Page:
This means teachers are pressed to strike a balance between "standardization" in learning output and "autonomy" in its implementation, the latter demanding creativity in exploring the supporting teaching methods. To sum up: Specific standardized achievement should be "uncompromisingly" achieved, but how to pursue this is "left" to the teachers. But what sort of standardized competence is required?

Some argue that this standardized competence needs a thorough consensus among stakeholders. Nevertheless, experts say that a competence-based system, which permits curricular diversity due to the diversity of potential of each section of education, does not necessarily need "uniformity" in curricula. But a broad consensus on curriculum development including the reference points (such as what it means by competence and the stages to achieve it), as Harries, Guthrie and Hobart (2001) argue, is still important mainly for practical consideration.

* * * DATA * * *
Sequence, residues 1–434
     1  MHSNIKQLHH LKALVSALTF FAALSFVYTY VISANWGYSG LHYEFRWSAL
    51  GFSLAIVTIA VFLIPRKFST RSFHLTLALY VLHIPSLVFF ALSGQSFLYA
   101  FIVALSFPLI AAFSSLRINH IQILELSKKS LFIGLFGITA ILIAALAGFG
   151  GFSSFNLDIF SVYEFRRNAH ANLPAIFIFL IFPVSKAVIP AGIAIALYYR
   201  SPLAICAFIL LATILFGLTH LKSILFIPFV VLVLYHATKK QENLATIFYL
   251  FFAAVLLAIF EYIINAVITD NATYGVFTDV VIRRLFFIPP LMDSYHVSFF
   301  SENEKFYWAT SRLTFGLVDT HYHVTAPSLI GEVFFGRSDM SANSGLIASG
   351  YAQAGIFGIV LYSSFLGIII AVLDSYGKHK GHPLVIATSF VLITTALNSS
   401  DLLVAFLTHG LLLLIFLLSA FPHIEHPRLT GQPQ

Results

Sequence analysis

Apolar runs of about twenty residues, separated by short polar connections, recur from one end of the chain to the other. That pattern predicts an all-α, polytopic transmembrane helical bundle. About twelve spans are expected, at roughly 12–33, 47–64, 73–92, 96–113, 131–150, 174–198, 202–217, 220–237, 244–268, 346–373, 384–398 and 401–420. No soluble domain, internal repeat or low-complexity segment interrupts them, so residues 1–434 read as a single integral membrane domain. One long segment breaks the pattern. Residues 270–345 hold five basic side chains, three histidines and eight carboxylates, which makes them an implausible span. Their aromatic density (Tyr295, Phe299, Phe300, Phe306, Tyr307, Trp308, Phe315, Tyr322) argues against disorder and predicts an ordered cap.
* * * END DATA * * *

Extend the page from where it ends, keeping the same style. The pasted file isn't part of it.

The obstacle, however, stems from the contradicting policies; a trademark of our government. The competence-based curriculum runs at odds with the national exams, which now fall under the responsibility of the newly established National Education Standardization Agency (BSNP) whose formation has been controversial, making one doubt whether it can really represent the concerned stakeholders. While the curriculum emphasizes performance standards, the centralized national exams emphasize merely standards reflecting academic content.